About this artwork
In 1930 Georgia O’Keeffe witnessed a drought in the Southwest that resulted in the starvation of many animals, whose skeletons littered the landscape. She was fascinated by these bones and shipped a number of them back to New York City. She later wrote, “To me they are as beautiful as anything I know. To me they are strangely more living than the animals walking around… . The bones seem to cut more sharply to the center of something that is keenly alive on the desert even tho’ it is vast and empty and untouchable—and knows no kindness with all its beauty.” The bones provided her with interesting shapes and textures, and she painted them frequently, intrigued as much by their symbolism as by their formal potential.
In Cow’s Skull with Calico Roses, O’Keeffe decorated the skull with artificial flowers, the kind used to adorn graves in New Mexico. Tucked against the ear and the jaw, the flowers appear less morbid than simply decorative—a whimsical addition that relies on the soft, ruffled petals to alleviate the hard, polished severity of the skull. O’Keeffe then exquisitely balanced the subtle modulations of the white and gray tones of the skull and flowers with a bold vertical streak of dark brown that irregularly bisects the composition. With the skull positioned against a muted, layered ground in close proximity to the picture plane, the composition conveys a sense of the organic yet abstracted beauty typical of O’Keeffe’s art.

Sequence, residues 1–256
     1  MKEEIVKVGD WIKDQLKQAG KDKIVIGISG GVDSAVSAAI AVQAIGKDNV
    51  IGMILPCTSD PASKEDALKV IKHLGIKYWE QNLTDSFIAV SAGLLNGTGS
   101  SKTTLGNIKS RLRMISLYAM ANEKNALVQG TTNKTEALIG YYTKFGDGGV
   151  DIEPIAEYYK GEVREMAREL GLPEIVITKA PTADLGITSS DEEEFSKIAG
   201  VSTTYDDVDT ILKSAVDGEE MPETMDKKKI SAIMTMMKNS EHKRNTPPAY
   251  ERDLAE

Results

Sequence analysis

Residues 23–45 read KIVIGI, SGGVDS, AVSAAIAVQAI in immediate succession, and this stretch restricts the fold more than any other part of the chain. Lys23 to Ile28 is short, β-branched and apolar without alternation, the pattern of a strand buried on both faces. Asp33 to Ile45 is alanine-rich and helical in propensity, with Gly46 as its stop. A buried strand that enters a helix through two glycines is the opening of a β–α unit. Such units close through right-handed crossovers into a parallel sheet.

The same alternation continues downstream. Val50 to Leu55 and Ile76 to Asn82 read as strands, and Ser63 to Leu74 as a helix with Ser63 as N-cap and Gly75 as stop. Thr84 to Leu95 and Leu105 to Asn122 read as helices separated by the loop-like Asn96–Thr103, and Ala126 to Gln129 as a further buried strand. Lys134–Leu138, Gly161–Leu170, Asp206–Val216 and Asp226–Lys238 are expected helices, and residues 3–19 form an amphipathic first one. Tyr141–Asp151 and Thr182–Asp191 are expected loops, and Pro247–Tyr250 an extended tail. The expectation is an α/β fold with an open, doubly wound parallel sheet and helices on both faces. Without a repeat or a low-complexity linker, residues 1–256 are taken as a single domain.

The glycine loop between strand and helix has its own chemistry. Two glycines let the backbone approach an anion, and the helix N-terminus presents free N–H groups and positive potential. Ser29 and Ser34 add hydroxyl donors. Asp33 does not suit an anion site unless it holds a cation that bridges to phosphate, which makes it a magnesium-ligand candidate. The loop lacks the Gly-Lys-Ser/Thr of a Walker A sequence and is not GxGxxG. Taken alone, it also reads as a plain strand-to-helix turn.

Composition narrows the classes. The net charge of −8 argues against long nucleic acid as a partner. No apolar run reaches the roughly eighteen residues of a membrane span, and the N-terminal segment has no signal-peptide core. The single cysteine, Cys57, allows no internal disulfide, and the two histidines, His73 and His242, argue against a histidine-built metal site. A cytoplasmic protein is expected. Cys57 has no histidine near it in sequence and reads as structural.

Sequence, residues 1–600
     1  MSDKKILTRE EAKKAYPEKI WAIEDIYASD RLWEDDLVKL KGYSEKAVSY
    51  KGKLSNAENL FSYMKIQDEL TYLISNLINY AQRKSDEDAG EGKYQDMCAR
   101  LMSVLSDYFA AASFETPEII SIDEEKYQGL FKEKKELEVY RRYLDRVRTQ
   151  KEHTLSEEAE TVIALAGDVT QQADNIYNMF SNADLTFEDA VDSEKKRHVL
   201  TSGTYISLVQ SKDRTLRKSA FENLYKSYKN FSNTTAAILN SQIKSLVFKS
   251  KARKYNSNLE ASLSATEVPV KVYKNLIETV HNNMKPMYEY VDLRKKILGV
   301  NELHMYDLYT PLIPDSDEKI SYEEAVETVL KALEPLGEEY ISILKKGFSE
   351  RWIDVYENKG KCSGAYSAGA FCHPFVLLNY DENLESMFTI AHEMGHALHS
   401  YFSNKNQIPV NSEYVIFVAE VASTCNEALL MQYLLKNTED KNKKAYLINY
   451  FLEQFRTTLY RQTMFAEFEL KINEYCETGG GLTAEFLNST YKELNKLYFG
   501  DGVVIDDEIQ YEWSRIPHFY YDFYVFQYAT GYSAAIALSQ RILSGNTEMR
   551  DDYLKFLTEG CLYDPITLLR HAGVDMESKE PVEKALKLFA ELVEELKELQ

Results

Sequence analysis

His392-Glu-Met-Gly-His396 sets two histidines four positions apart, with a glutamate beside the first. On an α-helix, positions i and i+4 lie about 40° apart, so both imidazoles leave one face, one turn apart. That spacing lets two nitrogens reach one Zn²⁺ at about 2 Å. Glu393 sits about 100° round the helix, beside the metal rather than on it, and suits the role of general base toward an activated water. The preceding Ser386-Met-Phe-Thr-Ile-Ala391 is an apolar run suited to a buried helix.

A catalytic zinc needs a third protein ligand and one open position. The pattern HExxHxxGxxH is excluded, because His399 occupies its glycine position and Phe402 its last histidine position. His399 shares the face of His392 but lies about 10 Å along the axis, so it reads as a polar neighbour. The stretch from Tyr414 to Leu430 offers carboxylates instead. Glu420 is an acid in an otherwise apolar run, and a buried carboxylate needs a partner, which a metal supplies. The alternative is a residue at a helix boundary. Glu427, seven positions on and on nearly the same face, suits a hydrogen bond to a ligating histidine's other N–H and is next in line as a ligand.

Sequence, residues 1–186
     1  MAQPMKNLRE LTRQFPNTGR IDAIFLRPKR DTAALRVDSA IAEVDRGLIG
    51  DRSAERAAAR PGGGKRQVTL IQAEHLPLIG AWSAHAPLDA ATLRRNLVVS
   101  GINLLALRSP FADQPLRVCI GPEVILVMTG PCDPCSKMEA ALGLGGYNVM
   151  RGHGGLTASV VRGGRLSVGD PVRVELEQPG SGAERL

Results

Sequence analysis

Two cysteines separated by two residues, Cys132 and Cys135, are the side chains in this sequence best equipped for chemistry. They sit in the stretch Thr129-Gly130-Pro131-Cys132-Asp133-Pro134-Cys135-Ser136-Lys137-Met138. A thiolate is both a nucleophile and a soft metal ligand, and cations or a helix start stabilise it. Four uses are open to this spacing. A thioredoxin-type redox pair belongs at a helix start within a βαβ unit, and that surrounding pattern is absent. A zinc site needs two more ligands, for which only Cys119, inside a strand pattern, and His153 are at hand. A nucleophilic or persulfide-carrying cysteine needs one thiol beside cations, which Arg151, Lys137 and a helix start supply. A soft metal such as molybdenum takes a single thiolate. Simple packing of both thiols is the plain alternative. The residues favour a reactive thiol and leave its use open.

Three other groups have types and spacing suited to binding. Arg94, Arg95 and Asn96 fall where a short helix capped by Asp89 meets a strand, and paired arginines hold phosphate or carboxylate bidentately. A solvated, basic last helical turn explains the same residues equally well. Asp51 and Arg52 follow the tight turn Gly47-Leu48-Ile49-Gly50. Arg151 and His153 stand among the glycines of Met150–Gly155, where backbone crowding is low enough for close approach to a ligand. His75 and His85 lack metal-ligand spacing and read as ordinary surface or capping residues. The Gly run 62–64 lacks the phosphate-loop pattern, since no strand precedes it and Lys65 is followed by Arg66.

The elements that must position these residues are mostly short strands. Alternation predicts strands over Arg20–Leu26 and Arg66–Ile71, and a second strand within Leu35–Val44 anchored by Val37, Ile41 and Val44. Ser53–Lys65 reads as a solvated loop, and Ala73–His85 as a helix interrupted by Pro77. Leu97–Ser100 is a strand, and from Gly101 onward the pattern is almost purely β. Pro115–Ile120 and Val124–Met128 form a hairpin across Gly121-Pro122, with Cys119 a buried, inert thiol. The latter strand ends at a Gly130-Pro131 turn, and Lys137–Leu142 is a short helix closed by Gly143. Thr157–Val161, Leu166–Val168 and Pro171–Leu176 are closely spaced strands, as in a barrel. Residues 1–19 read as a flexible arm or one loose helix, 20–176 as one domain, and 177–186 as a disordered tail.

- Georgia O'Keeffe
- Cow's Skull with Calico Roses
- United States
- Oil on canvas
- 91.4 × 61 cm (36 × 24 in.)
- Alfred Stieglitz Collection, gift of Georgia O'Keeffe
- © The Art Institute of Chicago